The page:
And he bowed to him.

The serjeant on the right, the doctor, the justice of the quorum, the wapentake, the secretary, all the attendants except the executioner, repeated his salutation still more respectfully, and bowed to the ground before Gwynplaine.

"Ah," said Gwynplaine, "awake me!"

And he stood up, pale as death.

"I come to awake you indeed," said a voice which had not yet been heard.

A man came out from behind the pillars. As no one had entered the cell since the sheet of iron had given passage to the cortŔge of police, it was clear that this man had been there in the shadow before Gwynplaine had entered, that he had a regular right of attendance, and had been present by appointment and mission. The man was fat and pursy, and wore a court wig and a travelling cloak.

He was rather old than young, and very precise.

He saluted Gwynplaine with ease and respect--with the ease of a gentleman-in-waiting, and without the awkwardness of a judge.

"Yes," he said; "I have come to awaken you. For twenty-five years you have slept. You have been dreaming. It is time to awake. You believe yourself to be Gwynplaine; you are Clancharlie. You believe yourself to be one of the people; you belong to the peerage. You believe yourself to be of the lowest rank; you are of the highest. You believe yourself a player; you are a senator. You believe yourself poor; you are wealthy. You believe yourself to be of no account; you are important. Awake, my lord!"

Gwynplaine, in a low voice, in which a tremor of fear was to be distinguished, murmured,--

"What does it all mean?"

"It means, my lord," said the fat man, "that I am called Barkilphedro; that I am an officer of the Admiralty; that this waif, the flask of Hardquanonne, was found on the beach, and was brought to be unsealed by me, according to the duty and prerogative of my office; that I opened it in the presence of two sworn jurors of the Jetsam Office, both members of Parliament, William Brathwait, for the city of Bath, and Thomas Jervois, for Southampton; that the two jurors deciphered and attested the contents of the flask, and signed the necessary affidavit conjointly with me; that I made my report to her Majesty, and by order of the queen all necessary and legal formalities were carried out with the discretion necessary in a matter so delicate; that the last form, the confrontation, has just been carried out; that you have ú40,000 a year; that you are a peer of the United Kingdom of Great Britain, a legislator and a judge, a supreme judge, a sovereign legislator, dressed in purple and ermine, equal to princes, like unto emperors; that you have on your brow the coronet of a peer, and that you are about to wed a duchess, the daughter of a king."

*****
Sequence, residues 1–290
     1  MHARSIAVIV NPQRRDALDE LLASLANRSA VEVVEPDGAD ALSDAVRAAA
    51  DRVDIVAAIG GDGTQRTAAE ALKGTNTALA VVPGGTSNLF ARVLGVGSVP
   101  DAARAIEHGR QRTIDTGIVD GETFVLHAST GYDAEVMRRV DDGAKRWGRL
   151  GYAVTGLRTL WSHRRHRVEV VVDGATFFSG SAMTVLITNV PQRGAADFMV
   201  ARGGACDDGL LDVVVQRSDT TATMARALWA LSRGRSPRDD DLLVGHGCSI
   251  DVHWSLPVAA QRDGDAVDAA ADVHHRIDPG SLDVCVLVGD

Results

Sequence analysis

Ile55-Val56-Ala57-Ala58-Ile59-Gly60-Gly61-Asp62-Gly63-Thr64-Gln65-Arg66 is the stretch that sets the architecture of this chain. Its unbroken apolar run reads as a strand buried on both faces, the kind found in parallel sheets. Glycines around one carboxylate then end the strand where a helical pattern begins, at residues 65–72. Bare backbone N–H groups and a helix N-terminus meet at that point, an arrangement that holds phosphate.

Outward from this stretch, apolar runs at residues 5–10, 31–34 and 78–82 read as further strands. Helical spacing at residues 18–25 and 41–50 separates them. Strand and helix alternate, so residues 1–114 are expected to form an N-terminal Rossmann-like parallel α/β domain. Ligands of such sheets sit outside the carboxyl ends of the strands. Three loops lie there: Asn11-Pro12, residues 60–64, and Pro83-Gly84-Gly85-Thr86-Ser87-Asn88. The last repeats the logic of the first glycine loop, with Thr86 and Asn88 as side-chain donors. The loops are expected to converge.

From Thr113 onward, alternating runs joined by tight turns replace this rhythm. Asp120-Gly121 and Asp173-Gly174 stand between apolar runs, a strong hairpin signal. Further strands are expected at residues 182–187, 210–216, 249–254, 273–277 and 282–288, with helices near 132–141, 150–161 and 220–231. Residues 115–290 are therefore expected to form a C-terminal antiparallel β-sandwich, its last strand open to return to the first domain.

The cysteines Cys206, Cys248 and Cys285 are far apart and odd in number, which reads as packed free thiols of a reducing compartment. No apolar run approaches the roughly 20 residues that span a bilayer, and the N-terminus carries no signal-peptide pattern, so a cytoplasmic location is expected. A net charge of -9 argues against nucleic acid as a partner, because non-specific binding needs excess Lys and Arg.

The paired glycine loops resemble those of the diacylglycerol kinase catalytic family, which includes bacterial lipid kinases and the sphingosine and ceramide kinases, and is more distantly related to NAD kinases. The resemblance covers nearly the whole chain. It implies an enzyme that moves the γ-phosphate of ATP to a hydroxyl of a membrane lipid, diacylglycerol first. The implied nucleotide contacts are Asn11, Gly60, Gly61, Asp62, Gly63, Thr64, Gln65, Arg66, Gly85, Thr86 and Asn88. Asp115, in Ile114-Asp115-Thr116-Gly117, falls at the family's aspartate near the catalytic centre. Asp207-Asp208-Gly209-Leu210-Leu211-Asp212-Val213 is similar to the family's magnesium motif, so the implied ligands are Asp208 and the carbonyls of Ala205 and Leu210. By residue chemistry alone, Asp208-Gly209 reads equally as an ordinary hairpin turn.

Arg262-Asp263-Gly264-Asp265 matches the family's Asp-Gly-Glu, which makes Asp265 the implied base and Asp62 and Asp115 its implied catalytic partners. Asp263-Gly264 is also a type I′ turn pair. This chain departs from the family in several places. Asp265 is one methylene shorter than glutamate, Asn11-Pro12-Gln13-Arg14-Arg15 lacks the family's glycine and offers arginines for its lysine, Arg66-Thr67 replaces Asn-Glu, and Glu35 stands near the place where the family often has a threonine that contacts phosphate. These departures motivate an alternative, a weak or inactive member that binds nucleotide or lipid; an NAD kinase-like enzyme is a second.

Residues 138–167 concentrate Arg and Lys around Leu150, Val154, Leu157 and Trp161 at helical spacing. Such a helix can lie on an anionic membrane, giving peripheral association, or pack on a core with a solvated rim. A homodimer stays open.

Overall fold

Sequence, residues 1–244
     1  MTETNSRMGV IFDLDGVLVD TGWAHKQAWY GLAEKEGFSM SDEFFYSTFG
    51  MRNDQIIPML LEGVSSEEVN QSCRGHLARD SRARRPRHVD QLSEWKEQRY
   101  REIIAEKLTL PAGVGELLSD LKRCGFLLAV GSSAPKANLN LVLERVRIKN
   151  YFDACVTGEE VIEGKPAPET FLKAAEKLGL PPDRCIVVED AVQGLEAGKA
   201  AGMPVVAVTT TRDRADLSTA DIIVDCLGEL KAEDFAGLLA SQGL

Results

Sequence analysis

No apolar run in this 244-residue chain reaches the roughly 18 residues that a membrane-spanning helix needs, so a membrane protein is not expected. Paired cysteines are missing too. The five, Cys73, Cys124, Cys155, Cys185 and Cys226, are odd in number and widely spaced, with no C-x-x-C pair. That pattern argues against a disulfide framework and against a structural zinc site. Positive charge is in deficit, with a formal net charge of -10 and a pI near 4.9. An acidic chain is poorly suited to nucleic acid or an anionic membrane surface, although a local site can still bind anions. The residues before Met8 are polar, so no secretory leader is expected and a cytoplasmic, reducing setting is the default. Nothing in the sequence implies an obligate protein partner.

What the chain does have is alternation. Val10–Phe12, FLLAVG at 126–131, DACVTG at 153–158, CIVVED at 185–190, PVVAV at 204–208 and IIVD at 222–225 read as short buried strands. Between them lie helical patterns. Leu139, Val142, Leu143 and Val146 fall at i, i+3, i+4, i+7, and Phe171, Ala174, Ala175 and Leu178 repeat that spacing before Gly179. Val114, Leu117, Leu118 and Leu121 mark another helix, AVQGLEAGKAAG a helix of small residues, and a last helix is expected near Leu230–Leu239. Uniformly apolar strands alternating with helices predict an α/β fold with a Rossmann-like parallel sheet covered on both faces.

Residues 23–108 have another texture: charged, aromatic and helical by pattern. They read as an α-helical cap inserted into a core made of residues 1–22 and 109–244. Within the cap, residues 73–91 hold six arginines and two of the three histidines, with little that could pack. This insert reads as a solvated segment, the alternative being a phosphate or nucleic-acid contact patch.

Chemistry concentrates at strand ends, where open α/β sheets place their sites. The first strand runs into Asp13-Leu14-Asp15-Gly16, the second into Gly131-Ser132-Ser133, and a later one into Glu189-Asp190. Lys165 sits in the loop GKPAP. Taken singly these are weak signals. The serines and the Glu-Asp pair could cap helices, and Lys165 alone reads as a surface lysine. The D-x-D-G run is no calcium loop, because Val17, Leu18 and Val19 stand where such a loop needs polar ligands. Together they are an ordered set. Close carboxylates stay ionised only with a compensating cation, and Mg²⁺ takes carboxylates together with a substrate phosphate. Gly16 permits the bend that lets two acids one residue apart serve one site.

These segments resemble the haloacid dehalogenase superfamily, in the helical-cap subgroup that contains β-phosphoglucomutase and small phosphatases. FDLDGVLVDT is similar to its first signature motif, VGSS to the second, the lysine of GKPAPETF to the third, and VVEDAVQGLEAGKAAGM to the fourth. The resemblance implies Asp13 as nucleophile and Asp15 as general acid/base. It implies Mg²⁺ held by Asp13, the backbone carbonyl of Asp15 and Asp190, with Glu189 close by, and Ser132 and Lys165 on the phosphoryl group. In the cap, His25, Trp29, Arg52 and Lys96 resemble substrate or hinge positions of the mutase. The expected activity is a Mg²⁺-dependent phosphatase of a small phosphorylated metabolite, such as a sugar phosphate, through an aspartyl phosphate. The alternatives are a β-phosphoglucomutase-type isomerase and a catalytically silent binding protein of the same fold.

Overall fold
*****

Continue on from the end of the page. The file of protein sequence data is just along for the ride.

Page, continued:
Under this transfiguration, overwhelming him like a series of thunderbolts, Gwynplaine fainted.

Victor Hugo

    Preliminary Chapter: Ursus

    Another Preliminary Chapter: The Comprachicos

    Part I: Book I: Night Not So Black As Man

    Book II: The Hooker At Sea

    Book III: The Child in the Shadow

    Part II: Book I: The Everlasting Presence of the Past:

    Book II: Gwynplaine and Dea

    Book III: The Beginning of the Fissure

    Book IV: The Cell of Torture

    Book V: The Sea and Fate Are Moved by the Same Breath

    Book VI: Ursus Under Different Aspects

    Book VII: The Titaness

    Book VIII: The Capitol and Things Around It

    Book IX: In Ruins

    Conclusion: The Night and the Sea